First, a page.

Round Hill recently hosted the 2019 Induction Ceremony and Dinner for the Chaîne des Rôtisseurs — Jamaïque, on the evening of January 11, 2020. As the the world’s oldest and largest gastronomic association, it was an honour to host the event.
The occasion treated 53 guests to a culinary adventure through time under the theme, “Round Hill … Past and Present”, showcasing over 60 years of culinary history. The operation consisted of 10 waiters, 6 chefs, 3 captains and 2 bartenders – under the supervision of Executive Chef Martin Maginley and Food & Beverage Manager – Seon Walker.
Designed to reflect on the noble past and bright future of the legacy of Round Hill Hotel and Villas, the Epicurean delights served were enhanced by the best of modern trends and highlighted some of the most exquisite delicacies of the Caribbean.
The first course was dedicated to the influence of French culinary giants – Escoffier and Francophile serving one of their classic, but less known recipes – Escagot a L’ alsacienne. This signature staple was paired with an equally robust Gevrey Chambertin from Burgundy.
In a modern interpretation of Paul Broscoe’s Truffle soup, Round Hill presented Round Hill presented Soupe aux Truffles Elysse – a combination of a double chicken consommé with truffle, wood mushroom, foie gras and a mignotte of vegetables sealed under a thin crust of puff paste. The course required attendees to break the shell with their spoon and savour the bouquet allowing the pastry flakes to combine with the broth – paired with the Gevrey Chambertin.
The third course introduced an unusual sorbet intended to cleanse the palate – Sorbet au citron vert et safran (Lime Granite with Saffron). Afterwards, there was a switch to white wine.
The next course sought to explore the work of brothers – Albert Roux and Michel Guerard who created buzz in different parts of London in the 80s. The dish, Mousseline de Couquille St Jacques sauce d’ecrevisses – a blend of scallops, grouper, heavy cream and egg white the seafood was well complimented by light fresh water crayfish bisque tinted with coconut cream. This was paired with Balgach Blancuvee.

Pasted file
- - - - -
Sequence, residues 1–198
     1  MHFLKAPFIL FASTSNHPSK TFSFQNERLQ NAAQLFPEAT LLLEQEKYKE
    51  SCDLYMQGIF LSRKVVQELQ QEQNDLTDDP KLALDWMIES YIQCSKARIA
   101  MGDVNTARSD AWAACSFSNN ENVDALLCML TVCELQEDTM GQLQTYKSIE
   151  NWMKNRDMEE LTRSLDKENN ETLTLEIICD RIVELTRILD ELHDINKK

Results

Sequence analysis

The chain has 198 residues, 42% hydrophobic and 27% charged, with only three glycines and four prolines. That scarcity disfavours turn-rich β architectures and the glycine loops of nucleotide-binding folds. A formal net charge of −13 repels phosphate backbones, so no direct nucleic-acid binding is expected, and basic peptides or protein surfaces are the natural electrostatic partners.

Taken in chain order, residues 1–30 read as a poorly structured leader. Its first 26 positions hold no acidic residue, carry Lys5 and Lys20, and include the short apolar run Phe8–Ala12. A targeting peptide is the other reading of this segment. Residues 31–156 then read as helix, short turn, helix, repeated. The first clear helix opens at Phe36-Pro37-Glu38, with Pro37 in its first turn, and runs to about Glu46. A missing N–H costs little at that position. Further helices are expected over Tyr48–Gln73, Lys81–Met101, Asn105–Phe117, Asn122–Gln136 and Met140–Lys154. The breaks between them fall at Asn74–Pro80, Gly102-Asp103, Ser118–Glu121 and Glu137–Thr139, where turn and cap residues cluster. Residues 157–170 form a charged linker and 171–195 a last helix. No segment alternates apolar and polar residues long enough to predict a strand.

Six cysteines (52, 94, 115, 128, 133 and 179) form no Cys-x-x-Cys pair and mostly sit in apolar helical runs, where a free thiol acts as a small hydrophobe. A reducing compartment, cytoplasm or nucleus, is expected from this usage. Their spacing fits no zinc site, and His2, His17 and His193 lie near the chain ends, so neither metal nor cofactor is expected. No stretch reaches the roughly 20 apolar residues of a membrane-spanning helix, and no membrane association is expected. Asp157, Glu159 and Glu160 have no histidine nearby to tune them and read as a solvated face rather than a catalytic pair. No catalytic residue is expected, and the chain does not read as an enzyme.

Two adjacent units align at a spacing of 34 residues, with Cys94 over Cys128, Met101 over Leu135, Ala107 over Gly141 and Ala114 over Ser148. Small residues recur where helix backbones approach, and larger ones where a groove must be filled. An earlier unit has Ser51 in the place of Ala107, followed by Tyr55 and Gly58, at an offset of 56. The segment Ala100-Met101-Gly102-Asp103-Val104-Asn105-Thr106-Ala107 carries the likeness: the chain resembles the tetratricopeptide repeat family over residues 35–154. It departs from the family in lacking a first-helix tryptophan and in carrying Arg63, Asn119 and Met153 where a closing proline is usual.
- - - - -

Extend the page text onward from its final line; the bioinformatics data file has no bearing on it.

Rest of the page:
Moving into the 80s and 90s the team now delved into the kitchens of locals whose culture included the influence of Europe and the Americas. During this portion of the evening, the dinner praised dishes from the past with a modern and local innovation. A classical flame seared duck breast was paired with local burnt orange sauce, Appleton rum and farina “porridge”.
In celebration of the creative freedom, these dishes were paired with the art of blending new techniques that better complemented them. A very modern fruit forward blend was executed combining Zinfandel with Cabernet Sauvignon, Petit Sirah, Syrah and Charboo. Sourced from some of the finest vineyards, the flavourful explosion of soft, richly rounded fruits and body combined boldly with live acidity to create a good balance.
The Jamaica Bailliage is the oldest and largest Bailliage in the Caribbean and is part of the United States Bailliage. It is one of nine Bailliages making up the Caribbean/Atlantic Islands Region. Founded at The Half Moon Hotel in Montego Bay in 1985, the association has approximately 100 active members with more than 35% being professional members from the trade; i.e. chefs, restaurateurs, hoteliers.
The Chaîne des Rôtisseurs is an international gastronomic society dedicated to the bringing together of professional and non-professional members worldwide, who appreciate and share a mutual interest in cuisine, wine, fine dining and preserving the camaraderie and pleasures of the table. It was founded in Paris in 1950, but its history is traced back to 1248, when King Louis IX was trying to organise all the various trades and guilds that existed at the time. One of these was the guild of ‘Les Oyers’ or ‘Goose Roasters’, whose traditions and practices are the foundation of the Chaine.